Bad Apples come from Rotten Trees: Pursuing Racial Equity in Policing

Dr. Rashawn Ray, Professor of Sociology, University of Maryland; Senior Fellow, The Brookings Institution

George Floyd’s death significantly shifted public opinion as 76% of Americans (including 71% of Whites) agreed that incidents such as the killing of Floyd are signs of racism within law enforcement. This racial awakening and acknowledgement of racism is further confirmed by police brutality inflicted onto protestors and highlighted in the killing of Breonna Taylor and the shooting of Jacob Blake. While the public outcry often includes the views of the general public, missing, especially in the academic literature, are police officers themselves as well as a proper evaluation of use of force and proposed reforms (such as defund the police). Over the past several years, Ray, along with colleagues in The Lab for Applied Social Science Research, collected interview, survey, social media, and virtual reality data with police officers, activists, and civilians. His findings show how “structural implicit bias” contributes to racial disparities in policing vis-à-vis the organizational embeddedness of racism within the origins and functions of law enforcement. Ray’s research indicates that police reforms focused on implicit bias trainings and body-worn cameras fall short because they do not address how the structural, cultural, and organizational components of policing obstruct accountability and contribute to over-policing, racial profiling, and racial disparities in policing killings. Ray concludes by discussing how a series of evidence-based policy prescriptions that focus on reallocating and shifting funding within police department budgets and innovative trainings using virtual reality technology can help transform policing in America.

BIO

Dr. Rashawn Ray is a David M. Rubenstein Fellow at The Brookings Institution and Professor of Sociology and Executive Director of the Lab for Applied Social Science Research (LASSR) at the University of Maryland, College Park. He is also one of the co-editors of Contexts Magazine: Sociology for the Public. Formerly, he was a Robert Wood Johnson Foundation Health Policy Research Scholar at the University of California, Berkeley. 

Ray’s research addresses the mechanisms that manufacture and maintain racial and social inequality with a particular focus on police-civilian relations and men’s treatment of women. His work also speaks to ways that inequality may be attenuated through racial uplift activism and social policy. Ray has published over 50 books, articles, and book chapters, and roughly 50 op-eds. His articles have appeared in the American Journal of Sociology, Science Advances, Social Science Research, Ethnic and Racial Studies, Du Bois Review, and the Annual Review of Public Health. Recently, Ray published the book How Families Matter: Simply Complicated Intersections of Race, Gender, and Work (with Pamela Braboy Jackson) and another edition of Race and Ethnic Relations in the 21st Century: History, Theory, Institutions, and Policy, which has been adopted nearly 40 times in college courses.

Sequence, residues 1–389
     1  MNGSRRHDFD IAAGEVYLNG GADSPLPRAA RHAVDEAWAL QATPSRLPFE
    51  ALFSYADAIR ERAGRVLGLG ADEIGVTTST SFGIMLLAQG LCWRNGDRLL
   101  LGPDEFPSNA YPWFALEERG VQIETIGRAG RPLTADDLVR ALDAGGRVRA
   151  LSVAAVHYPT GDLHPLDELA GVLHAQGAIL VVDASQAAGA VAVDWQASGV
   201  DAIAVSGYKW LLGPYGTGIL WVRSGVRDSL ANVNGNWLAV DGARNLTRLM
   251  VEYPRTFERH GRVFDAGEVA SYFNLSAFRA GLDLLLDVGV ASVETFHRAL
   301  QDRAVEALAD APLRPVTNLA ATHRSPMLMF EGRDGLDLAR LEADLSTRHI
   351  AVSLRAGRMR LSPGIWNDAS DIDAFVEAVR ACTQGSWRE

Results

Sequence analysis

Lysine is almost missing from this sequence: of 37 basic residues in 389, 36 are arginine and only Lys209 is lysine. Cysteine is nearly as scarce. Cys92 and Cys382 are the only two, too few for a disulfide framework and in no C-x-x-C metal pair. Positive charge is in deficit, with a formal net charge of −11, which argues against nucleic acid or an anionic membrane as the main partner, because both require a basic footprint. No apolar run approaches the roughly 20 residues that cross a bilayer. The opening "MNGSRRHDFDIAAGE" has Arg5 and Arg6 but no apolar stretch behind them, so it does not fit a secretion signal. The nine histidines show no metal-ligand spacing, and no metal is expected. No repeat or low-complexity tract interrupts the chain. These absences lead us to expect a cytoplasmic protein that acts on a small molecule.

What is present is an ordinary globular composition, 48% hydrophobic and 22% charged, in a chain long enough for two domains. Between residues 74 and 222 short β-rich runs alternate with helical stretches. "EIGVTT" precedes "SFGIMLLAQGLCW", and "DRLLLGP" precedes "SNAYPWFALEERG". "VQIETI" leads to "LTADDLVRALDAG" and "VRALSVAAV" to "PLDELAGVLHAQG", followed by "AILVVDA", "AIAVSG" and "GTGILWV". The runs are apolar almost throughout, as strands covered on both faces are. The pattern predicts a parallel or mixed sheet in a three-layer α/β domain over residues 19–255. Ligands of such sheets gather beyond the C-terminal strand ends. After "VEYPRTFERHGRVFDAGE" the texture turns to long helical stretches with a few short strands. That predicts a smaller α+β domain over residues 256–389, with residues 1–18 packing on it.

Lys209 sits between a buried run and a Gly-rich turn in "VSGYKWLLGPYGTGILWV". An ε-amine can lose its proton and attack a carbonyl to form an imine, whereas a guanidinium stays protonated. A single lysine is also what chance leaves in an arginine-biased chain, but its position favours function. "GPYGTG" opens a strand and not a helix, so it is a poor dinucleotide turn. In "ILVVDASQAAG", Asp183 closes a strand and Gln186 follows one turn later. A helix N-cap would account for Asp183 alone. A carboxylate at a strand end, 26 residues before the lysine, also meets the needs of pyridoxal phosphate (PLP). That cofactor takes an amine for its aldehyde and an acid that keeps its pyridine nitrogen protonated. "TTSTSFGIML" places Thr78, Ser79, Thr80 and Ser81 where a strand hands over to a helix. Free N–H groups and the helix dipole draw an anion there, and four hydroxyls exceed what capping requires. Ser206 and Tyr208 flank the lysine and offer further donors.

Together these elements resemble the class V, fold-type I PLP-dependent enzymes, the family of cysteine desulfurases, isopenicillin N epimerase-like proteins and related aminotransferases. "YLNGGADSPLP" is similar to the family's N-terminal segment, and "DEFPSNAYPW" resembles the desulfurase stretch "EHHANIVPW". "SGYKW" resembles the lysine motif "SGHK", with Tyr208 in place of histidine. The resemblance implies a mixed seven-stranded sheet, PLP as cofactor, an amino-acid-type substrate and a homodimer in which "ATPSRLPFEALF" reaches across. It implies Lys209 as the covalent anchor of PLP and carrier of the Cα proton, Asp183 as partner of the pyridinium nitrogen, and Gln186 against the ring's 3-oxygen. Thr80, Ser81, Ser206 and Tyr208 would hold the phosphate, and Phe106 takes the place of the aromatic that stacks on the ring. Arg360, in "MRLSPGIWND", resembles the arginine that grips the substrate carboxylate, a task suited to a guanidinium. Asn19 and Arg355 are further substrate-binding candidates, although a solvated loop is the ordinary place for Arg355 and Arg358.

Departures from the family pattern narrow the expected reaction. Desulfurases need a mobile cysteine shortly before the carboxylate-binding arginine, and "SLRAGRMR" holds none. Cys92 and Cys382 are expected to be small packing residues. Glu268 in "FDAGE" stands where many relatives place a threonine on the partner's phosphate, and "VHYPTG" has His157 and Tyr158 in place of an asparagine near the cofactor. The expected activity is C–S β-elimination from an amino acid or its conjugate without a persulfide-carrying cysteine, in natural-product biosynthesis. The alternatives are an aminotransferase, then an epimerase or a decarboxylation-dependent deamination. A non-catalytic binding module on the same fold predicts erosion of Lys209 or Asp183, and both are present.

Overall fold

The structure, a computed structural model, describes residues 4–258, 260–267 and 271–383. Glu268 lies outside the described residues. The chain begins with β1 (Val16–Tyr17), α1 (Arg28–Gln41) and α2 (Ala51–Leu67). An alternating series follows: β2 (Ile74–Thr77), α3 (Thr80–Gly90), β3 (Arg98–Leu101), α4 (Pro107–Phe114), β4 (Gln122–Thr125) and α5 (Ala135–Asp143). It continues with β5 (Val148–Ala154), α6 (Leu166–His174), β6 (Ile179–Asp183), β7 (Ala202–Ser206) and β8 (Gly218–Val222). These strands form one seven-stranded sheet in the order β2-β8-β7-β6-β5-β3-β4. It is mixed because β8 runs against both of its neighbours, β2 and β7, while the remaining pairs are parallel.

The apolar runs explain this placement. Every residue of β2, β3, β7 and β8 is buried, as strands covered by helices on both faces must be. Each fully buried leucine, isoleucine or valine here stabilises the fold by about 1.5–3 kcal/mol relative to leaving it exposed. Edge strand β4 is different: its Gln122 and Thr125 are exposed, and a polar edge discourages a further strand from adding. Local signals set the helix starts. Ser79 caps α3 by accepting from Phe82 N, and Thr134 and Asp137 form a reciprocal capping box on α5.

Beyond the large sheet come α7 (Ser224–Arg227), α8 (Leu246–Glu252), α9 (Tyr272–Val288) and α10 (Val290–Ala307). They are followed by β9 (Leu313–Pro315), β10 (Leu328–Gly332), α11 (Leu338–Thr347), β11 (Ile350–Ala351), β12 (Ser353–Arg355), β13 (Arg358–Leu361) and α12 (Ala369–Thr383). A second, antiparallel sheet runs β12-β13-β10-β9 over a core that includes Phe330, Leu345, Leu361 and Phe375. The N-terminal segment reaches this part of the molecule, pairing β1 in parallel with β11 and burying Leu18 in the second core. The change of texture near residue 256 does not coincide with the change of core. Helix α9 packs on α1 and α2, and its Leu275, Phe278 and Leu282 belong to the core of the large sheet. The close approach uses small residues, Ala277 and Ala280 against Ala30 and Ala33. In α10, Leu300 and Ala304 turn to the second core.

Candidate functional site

Ray has written for New York Times, Washington Post, Newsweek, Business Insider, The Guardian, Huffington Post, NBC News, The Conversation, and Public Radio International. Selected as 40 Under 40 Prince George's County and awarded the 2016 UMD Research Communicator Award, Ray has appeared on CNN, BBC, CBS, C-Span, MSNBC, HLN, Al Jazeera, and NPR. He regularly testifies before Congress and at the state level on legislation related to policies on race, policing and criminal justice reform, health, and family.


 

By Default: How Couples Account for Gender Inequalities in Pandemic Parenting

Dr. Jessica Calarco, Associate Professor of Sociology, Indiana University

 

Have You Experienced Pandemic Parenting? 

Join us at the MSS in Chicago to hear Dr. Jessica Calarco’s Plenary Address: “By Default: How Couples Account for Gender Inequalities in Pandemic Parenting.” Dr. Calarco (University of Indiana) is the author of the award-winning book Negotiating Opportunities: How the Middle Class Secures Advantages in School as well as A Field Guide to Grad School: Uncovering the Hidden Curriculum. Perhaps you read her recent New York Times op ed about vaccine hesitancy among mothers of young children. Dr. Calarco’s talk promises to be a highlight of our first in-person conference in over two years. See you in Chicago! 

Learn more about Dr. Calarco at www.jessicacalaro.com.


 

How Do We Know About Public Facts? Durkheim, Trump and Epidemics of Ignorance

Dr. Harvey Molotch, Professor Emeritus of Sociology, at both NYU and UCSB; visiting professor at Princeton

Dr. Molotch's prior posts include Centennial Professor at LSE, with other visiting professorships at Bocconi University (Milan), Essex University (UK), and Lund University (Sweden). In 2019 he received the ASA W.E.B. Du Bois Award for Career of Distinguished Scholarship. 

His research has covered city growth as well as news media, environment, industrial design and issues of security. His most recent volume (edited with Davide Ponzini) is the New Arab Urban. Prior books include Urban Fortunes (with John Logan); Against Security: How We Go Wrong at Airports, Subways and Other Sites of Ambiguous Danger; Toilet: Public Restrooms and the Politics of Sharing (edited with Laura Noren) and Where Stuff Comes From: How Toasters, Toilets, Cars, Computers and Many Other Things Come to Be as They Are.